Galaxies have different angular momentum. Some rotate faster, some slower. Some rotate in the direction north, some in south, some in any other given direction. When they pass by each other, they precess like gyroscopes and exchange by their angular momentums.
Many have black hole(s) in their center.
The smaller the star the faster it rotates (conservation of angular momentum L=Iw=mr^2w = const as a consequence of anisotropy of space).
Hydrogen burns in helium slow (billions of years). Helium in Be-C - faster (millions of years). C in Si - much faster (thousands and less). Si in big stars may burn into Fe in a few seconds only which is called supernova II explosion. Compact core left behind may be a white dwarf, or (if massive enough to collapse futher) can become a neutron star or black hole and due to small size (few km only) rotates "like crazy" (tens and hundreds rev/sec).
Similar effect but in a binary where one (regular)star pours matter on close compact white dwarf companion until it suddenly burns all accumulated and greatly compressed matter in a less than 1 second is called supernova I explosion (imagine amount of energy about all Sun's energy but released not in 10 billion years but rather in 1 second or less).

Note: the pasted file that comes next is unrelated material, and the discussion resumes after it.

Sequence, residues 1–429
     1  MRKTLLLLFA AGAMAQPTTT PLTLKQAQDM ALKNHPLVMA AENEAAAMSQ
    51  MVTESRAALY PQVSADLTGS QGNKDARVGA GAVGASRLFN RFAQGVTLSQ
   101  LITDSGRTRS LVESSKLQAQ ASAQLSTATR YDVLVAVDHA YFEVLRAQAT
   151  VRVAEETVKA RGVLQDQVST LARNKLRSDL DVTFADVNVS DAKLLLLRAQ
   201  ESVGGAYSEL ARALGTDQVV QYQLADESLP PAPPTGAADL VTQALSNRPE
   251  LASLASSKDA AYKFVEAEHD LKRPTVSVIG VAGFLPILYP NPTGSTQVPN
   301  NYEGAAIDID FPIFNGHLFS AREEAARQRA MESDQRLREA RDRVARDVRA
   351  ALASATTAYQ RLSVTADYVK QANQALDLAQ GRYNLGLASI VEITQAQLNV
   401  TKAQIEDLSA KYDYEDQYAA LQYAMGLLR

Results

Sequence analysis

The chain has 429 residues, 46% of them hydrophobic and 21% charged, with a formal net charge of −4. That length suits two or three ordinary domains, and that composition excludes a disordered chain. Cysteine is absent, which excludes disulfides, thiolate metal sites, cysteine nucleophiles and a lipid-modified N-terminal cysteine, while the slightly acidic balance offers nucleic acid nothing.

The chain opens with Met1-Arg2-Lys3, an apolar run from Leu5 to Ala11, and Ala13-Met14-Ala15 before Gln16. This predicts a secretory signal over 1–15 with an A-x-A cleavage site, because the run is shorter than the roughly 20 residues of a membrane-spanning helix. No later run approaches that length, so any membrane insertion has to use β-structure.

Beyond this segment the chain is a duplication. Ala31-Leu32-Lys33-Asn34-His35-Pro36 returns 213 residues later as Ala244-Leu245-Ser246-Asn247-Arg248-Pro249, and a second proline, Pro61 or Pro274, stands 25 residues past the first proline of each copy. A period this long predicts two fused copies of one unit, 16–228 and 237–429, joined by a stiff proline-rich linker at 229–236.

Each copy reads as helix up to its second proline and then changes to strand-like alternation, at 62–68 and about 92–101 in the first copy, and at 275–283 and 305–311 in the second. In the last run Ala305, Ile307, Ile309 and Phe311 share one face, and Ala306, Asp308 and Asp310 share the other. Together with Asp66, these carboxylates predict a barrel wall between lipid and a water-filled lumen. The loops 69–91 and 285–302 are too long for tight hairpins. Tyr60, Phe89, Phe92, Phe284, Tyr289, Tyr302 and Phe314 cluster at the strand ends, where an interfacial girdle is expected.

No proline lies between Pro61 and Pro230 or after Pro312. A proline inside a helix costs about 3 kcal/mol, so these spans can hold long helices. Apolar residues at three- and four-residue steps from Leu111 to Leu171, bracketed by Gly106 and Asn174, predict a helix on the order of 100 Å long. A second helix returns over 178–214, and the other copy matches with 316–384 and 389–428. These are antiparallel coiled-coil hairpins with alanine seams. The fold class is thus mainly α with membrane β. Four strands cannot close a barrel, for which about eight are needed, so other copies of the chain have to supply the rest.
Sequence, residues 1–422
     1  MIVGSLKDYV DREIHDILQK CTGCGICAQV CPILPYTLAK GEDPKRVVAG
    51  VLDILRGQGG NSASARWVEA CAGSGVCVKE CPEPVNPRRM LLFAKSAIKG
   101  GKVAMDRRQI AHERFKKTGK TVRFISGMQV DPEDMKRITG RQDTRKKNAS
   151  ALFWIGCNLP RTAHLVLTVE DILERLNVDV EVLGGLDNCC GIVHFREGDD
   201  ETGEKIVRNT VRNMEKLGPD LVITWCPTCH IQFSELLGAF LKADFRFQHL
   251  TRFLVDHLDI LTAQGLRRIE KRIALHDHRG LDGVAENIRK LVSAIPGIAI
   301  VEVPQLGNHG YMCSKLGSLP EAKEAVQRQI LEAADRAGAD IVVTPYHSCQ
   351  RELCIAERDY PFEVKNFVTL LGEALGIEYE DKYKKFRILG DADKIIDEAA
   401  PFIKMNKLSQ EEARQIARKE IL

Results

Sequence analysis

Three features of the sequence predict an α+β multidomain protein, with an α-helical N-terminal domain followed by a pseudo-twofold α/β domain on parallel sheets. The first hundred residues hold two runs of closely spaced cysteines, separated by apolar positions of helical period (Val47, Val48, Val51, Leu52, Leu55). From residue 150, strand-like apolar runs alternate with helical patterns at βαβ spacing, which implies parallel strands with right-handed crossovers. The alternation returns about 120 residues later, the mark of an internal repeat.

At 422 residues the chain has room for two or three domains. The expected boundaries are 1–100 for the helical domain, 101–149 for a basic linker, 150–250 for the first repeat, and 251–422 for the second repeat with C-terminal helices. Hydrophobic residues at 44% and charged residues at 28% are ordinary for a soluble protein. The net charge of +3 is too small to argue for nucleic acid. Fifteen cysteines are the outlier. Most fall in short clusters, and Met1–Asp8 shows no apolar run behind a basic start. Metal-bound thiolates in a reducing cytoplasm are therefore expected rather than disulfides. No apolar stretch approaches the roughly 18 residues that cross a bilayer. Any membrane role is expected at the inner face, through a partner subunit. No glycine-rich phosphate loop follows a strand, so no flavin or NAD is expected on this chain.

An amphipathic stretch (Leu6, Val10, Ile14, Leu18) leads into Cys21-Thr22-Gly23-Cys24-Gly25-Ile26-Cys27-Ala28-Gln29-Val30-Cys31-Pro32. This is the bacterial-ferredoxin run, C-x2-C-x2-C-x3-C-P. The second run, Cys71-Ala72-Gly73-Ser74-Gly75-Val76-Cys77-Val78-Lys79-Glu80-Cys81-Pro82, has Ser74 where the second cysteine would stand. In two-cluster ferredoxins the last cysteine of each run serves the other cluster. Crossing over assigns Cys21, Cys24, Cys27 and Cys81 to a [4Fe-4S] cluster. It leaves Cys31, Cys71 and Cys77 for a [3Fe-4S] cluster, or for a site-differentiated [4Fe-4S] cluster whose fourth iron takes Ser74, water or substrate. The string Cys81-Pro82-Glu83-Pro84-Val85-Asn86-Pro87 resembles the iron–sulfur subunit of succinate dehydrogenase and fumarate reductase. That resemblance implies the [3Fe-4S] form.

Pulsars have strong magnetic field due to extremely high angular velocity (B up to 10^15 gauss - see "magnetars"). Thus a falling hydrogen(which becomes plasma accelerated to high velocities by strong gravity) can not move across magnetic field, thus can only fall on star's surface (and crash in it producing radiation) only in narrow spots near star magnetic poles (where magnetic lines ener the star), and what we see is a radiation from these "hor spots" near magnetic poles. Because magnetic poles do not neseccarily coinside with geografic poles (=axis of rotation), then we see "hot spots" at different angles as the star rotates, thus radiation intensity appears for us modulated with the period equal to the rotational period of the magnetar - tens and hundreds hertz.